Changing patterns of growth in a changing planet: how a shift in phenology affects critical life‐history traits in annual fishes

Garcia, D., Smith, C. ORCID: 0000-0003-3285-0379, Machín, E., Loureiro, M. and Reichard, M., 2019. Changing patterns of growth in a changing planet: how a shift in phenology affects critical life‐history traits in annual fishes. Freshwater Biology. ISSN 0046-5070

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Abstract

1. Changes to the timing of key life‐cycle events can alter selection on life‐history traits and have the potential to drive a cascade of effects at the community level. We investigated how the growth rate and sexual maturation of two annual killifish species (Austrolebias bellottii and Austrolebias nigripinnis) were altered by a change in the pattern of precipitation. These are annual species, endemic to ephemeral pools, persist in desiccated sediment as partly developed embryos.

2. We sampled 18 pools supporting populations of both species in a Pampa region adjacent to the Rio Negro in western Uruguay throughout the austral winter of 2015. Fish growth and maturation were monitored from pool inundation to habitat desiccation, along with environmental variables.

3. The region experienced an unprecedented mid‐winter desiccation of pools that usually contain water from autumn to late spring, typically only desiccating in summer. Many desiccated pools were re‐inundated from later rains, generating a second cohort of killifish in some pools (53%) in response to atypical conditions.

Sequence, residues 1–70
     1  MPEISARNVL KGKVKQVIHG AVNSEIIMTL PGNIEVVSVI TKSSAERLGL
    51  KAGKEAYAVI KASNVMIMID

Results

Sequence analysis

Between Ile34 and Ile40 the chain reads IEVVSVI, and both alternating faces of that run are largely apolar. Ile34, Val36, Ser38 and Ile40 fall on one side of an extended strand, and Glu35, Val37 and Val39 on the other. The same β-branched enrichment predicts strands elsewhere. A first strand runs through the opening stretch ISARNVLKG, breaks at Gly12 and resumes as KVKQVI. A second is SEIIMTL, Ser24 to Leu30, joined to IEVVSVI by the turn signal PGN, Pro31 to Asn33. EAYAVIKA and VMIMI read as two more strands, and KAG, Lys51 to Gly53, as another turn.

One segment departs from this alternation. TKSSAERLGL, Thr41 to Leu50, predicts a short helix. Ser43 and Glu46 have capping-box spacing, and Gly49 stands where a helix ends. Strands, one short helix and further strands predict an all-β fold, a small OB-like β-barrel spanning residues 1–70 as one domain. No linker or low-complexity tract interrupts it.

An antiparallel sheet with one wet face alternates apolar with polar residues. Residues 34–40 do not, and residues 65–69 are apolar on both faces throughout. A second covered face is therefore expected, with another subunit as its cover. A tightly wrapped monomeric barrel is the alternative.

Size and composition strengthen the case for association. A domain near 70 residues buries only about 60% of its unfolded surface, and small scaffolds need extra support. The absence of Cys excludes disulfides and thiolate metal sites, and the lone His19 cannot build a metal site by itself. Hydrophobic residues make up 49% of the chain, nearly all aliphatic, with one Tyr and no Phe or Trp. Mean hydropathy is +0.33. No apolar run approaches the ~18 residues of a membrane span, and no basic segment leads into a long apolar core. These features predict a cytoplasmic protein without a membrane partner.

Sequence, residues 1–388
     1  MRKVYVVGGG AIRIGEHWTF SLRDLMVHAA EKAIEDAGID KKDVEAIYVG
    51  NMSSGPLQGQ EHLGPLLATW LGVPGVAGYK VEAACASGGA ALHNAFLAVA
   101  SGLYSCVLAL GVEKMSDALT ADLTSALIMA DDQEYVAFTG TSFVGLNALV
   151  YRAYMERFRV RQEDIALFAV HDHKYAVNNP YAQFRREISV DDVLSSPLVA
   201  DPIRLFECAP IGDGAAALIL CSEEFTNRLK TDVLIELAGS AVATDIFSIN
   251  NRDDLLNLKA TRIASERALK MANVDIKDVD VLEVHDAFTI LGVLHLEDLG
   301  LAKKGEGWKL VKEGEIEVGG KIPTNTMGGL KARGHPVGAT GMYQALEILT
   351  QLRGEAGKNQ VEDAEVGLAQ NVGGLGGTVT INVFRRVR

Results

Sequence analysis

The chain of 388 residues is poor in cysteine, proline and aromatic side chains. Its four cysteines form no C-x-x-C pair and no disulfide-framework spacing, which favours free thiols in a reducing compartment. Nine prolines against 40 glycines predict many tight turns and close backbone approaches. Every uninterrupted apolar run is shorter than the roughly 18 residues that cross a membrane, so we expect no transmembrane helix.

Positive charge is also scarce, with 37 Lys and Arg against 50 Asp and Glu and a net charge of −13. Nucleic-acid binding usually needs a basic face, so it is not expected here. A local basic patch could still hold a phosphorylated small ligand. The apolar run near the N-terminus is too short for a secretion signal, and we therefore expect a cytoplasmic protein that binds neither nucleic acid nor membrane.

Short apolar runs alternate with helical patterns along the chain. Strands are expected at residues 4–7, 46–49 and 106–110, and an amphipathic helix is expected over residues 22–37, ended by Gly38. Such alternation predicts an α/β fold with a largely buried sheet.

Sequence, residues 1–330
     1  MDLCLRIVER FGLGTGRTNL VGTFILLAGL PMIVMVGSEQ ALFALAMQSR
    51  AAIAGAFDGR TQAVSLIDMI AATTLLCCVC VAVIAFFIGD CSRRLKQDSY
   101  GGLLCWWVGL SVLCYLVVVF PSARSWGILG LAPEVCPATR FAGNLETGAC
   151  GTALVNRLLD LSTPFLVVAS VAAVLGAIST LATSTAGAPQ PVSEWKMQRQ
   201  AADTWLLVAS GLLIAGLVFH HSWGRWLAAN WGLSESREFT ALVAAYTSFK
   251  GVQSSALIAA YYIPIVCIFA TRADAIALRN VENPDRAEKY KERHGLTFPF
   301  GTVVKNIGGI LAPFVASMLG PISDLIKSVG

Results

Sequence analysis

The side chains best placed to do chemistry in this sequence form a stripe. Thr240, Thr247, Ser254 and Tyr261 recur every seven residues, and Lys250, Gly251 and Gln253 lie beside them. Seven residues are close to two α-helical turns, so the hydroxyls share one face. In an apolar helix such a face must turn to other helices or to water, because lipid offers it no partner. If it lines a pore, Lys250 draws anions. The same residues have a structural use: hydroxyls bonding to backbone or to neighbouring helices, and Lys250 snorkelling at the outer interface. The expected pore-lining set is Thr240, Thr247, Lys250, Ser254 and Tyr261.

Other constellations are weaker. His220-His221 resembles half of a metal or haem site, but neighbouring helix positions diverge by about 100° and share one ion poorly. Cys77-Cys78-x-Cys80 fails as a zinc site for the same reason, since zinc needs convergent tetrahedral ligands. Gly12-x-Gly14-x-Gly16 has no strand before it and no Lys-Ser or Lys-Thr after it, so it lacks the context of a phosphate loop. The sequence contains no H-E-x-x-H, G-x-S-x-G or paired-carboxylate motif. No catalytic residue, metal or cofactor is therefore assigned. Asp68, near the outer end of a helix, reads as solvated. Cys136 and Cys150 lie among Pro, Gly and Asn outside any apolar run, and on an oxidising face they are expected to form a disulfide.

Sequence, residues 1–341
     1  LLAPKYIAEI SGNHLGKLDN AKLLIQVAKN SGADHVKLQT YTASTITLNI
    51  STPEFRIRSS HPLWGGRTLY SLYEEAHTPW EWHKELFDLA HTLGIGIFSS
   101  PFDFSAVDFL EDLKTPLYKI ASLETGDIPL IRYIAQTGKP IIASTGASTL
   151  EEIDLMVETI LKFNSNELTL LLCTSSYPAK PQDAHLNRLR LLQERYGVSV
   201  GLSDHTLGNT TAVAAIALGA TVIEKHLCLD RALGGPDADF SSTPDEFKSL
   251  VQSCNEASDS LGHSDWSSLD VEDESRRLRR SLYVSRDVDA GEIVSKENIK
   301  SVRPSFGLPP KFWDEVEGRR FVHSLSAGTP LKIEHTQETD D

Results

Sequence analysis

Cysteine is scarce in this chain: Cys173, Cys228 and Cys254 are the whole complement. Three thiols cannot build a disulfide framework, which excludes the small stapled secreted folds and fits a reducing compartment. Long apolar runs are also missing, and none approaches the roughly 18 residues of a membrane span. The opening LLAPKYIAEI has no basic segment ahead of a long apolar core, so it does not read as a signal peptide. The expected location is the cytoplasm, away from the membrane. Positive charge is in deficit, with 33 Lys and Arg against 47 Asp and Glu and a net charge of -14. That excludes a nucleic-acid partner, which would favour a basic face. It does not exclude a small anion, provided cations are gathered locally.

4. The second cohort developed more rapidly than the first, with 40% earlier attainment of asymptotic body size. Rapid development of second‐cohort fish was associated with earlier maturation and greater investment in reproductive tissue.

5. The study demonstrated the capacity of annual fish to express developmental plasticity that buffered the negative consequences of an atypical seasonal climatic cycle. The capacity of these annual fishes to cope with alternations to their life cycle will depend on the ability of egg banks in the sediment to tolerate an increased unpredictability of precipitation.
6. Overall, we demonstrate how phenotypic plasticity can mitigate the negative impacts of climate change and associated altered phenology.

Item Type: Journal article
Publication Title: Freshwater Biology
Creators: Garcia, D., Smith, C., Machín, E., Loureiro, M. and Reichard, M.
Publisher: Wiley-Blackwell
Date: 1 August 2019
ISSN: 0046-5070
Identifiers:
NumberType
10.1111/fwb.13376DOI
Divisions: Schools > School of Animal, Rural and Environmental Sciences
Record created by: Jonathan Gallacher
Date Added: 21 Aug 2019 09:47
Last Modified: 01 Aug 2020 03:00
URI: http://irep.ntu.ac.uk/id/eprint/37399

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